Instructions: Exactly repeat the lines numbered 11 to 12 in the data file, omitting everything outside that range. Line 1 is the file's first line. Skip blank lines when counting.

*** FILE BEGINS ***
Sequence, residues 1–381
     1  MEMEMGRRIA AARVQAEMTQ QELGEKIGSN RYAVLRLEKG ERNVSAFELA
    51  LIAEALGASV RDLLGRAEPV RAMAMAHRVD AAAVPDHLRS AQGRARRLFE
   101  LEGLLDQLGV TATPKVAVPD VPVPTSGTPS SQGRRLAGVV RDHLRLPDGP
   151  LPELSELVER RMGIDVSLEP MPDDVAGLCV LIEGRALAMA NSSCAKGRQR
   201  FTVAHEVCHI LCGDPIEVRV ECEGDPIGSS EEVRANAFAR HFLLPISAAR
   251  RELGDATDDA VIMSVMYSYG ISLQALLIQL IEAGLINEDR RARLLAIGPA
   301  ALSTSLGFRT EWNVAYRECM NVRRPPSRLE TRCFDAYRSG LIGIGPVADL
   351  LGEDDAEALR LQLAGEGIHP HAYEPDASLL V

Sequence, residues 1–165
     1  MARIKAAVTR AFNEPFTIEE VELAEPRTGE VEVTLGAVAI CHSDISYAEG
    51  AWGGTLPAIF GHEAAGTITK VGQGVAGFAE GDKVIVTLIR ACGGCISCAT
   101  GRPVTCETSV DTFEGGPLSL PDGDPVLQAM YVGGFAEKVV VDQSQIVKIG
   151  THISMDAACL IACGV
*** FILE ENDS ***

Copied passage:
     1  MARIKAAVTR AFNEPFTIEE VELAEPRTGE VEVTLGAVAI CHSDISYAEG
    51  AWGGTLPAIF GHEAAGTITK VGQGVAGFAE GDKVIVTLIR ACGGCISCAT